On a very different note, “Three Little Children” by Ange (the pen-name for a pair of writers, Anne and Gérard Guero) is a scary story/fairy-tale that reinterprets a nursery rhyme about three murdered children who are rescued and brought back to life by Saint Nicholas. The narrator tells a story-version to his own grandkids about three pickpocket children, a policewoman, a gang, and a serial killer—all of whom interact with each other in ways mimicking parts of the rhyme. In the end, it seems that the man himself might just be Saint Nicholas, the rescuer, and that magic is perhaps not so distant after all.
Though it might sound like a children’s story, Ange’s method of telling is dripping with menace and discomfiting detail—I found it quite uncomfortable at parts, in the way that stories for kids with adult implications tend to be. The presence of the monsters in the night is also the presence of violence, exploitation, drug-running and other dangers. While the children might not necessarily pick up on the metaphorical or dual-nature of the narrative, as a reader, it’s impossible for us not to.
And really, “listening” to the telling of the piece as a reader was what I liked here; it’s a pleasantly disturbing experience. The narrative voice doesn’t seem over-played, at least, and I felt fairly taken in by it. I appreciated the unspoken realities of the city lingering underneath the magic, and that the magic is likely just a fairy-story interpretation of real life: the sprites are just other children playing, the monsters are just regular human monsters, et cetera. But then there’s the ending, in which the kids are all right and the police officer can’t remember what really happened—implying that, maybe, there’s something else afoot after all. I always like that sort of thing. The last twist, that the grandfather himself is possibly the Saint Nicholas figure of the tale, is a little playful—it offers another real-world angle: perhaps he was just the man who rescued the children and is now telling his grandkids the story with a veneer of something otherworldly. Or, on the other hand: perhaps it’s real exactly as he tells it. The story doesn’t seem to offer an answer, and I don’t particularly need one.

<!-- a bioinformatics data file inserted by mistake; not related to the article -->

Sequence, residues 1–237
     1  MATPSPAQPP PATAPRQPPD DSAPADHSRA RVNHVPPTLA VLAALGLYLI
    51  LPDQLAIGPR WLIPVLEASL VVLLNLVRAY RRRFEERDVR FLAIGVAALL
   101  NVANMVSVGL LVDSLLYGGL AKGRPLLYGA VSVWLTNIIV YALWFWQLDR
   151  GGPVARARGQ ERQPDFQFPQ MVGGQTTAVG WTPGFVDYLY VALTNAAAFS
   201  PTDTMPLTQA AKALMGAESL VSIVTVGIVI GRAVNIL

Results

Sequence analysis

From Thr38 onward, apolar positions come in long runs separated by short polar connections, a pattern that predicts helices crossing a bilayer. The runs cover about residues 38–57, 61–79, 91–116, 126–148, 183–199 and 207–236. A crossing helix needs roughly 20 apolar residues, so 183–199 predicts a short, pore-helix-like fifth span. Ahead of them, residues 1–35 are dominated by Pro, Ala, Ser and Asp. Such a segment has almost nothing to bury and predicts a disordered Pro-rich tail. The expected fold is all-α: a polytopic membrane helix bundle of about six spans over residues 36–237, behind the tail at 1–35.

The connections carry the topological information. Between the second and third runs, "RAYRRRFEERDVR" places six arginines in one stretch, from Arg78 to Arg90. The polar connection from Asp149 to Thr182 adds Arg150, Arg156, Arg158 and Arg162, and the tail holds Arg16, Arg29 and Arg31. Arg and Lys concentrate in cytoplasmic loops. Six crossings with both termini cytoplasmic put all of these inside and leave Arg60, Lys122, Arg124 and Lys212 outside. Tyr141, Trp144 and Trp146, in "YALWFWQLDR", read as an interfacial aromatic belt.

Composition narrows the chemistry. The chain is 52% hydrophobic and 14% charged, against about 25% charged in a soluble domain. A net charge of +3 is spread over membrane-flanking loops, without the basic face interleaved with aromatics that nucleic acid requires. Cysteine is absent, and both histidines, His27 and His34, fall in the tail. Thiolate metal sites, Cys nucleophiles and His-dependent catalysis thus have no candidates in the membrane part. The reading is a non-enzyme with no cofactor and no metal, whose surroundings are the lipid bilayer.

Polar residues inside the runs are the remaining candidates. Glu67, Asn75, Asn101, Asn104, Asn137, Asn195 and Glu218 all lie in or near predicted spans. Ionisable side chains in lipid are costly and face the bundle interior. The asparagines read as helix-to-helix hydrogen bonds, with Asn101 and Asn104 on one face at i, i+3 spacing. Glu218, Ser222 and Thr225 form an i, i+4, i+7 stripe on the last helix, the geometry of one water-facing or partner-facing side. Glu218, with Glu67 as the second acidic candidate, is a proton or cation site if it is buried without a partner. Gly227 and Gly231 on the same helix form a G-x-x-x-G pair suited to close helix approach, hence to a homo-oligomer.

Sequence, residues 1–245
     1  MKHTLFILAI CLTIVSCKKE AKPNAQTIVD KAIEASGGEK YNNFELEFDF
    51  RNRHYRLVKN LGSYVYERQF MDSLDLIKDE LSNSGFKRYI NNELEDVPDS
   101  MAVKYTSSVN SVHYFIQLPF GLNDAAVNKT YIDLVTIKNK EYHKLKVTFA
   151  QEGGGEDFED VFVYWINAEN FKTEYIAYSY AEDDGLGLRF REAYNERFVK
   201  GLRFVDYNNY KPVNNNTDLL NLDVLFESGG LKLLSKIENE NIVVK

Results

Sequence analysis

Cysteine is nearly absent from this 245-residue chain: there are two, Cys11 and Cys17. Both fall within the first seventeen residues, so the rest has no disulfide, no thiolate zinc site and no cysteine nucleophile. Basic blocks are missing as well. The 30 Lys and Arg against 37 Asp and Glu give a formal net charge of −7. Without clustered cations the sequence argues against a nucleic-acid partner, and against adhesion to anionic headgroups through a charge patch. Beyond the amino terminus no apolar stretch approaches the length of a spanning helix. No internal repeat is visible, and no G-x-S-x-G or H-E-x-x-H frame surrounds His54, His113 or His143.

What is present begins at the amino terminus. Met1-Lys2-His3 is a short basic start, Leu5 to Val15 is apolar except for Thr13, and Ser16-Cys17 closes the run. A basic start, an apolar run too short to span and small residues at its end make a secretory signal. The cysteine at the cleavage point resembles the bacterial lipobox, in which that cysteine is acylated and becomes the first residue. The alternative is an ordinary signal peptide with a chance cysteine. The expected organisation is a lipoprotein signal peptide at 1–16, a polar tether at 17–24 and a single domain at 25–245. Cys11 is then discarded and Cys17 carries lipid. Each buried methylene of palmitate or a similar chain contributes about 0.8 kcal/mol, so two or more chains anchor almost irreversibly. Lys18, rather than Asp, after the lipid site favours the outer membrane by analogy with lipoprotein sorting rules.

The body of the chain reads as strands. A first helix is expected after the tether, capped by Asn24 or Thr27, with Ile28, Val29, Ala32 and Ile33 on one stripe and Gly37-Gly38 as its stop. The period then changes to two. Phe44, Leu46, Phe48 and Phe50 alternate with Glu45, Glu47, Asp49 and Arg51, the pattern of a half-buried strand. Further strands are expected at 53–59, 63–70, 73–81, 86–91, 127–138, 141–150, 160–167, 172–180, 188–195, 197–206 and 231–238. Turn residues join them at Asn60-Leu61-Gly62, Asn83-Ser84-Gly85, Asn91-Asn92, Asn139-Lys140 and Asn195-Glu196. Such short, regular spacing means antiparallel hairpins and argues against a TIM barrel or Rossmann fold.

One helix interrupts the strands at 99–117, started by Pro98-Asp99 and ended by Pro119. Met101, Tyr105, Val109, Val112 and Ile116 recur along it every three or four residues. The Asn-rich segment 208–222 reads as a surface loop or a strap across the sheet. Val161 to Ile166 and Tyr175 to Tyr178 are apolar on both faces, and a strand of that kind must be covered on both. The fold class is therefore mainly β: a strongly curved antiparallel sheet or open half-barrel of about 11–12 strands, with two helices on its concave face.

So, in a sense, there might be a thread uniting these otherwise disparate stories after all: each takes a look at urban life and what it hides, in a way. Ange’s story is a solid piece of prose, a pleasant read in a dark fashion, while Koo’s is a familiar-yet-not take on a popular mode of storytelling that looks at complex relationships through an interesting, ghostly lens. As with the rest of the anthology, these are intriguing voices doing neat things with genre fiction, and I enjoyed reading them.
Brit Mandelo is a writer, critic, and editor whose primary fields of interest are speculative fiction and queer literature, especially when the two coincide. She can be found on Twitter or her website.